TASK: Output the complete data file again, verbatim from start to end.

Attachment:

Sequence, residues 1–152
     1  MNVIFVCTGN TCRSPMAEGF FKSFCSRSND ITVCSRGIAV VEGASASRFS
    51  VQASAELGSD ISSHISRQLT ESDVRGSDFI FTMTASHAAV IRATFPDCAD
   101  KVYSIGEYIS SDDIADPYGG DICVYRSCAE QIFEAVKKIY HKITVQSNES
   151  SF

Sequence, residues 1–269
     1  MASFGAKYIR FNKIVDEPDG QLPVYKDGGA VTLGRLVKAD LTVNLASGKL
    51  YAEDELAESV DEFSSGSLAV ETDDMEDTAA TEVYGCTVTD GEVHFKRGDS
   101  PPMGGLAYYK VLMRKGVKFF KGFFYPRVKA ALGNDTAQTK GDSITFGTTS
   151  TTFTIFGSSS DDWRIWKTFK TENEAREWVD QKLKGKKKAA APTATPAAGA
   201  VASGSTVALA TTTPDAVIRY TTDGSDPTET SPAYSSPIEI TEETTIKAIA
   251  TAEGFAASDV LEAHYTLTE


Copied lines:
Sequence, residues 1–152
     1  MNVIFVCTGN TCRSPMAEGF FKSFCSRSND ITVCSRGIAV VEGASASRFS
    51  VQASAELGSD ISSHISRQLT ESDVRGSDFI FTMTASHAAV IRATFPDCAD
   101  KVYSIGEYIS SDDIADPYGG DICVYRSCAE QIFEAVKKIY HKITVQSNES
   151  SF

Sequence, residues 1–269
     1  MASFGAKYIR FNKIVDEPDG QLPVYKDGGA VTLGRLVKAD LTVNLASGKL
    51  YAEDELAESV DEFSSGSLAV ETDDMEDTAA TEVYGCTVTD GEVHFKRGDS
   101  PPMGGLAYYK VLMRKGVKFF KGFFYPRVKA ALGNDTAQTK GDSITFGTTS
   151  TTFTIFGSSS DDWRIWKTFK TENEAREWVD QKLKGKKKAA APTATPAAGA
   201  VASGSTVALA TTTPDAVIRY TTDGSDPTET SPAYSSPIEI TEETTIKAIA
   251  TAEGFAASDV LEAHYTLTE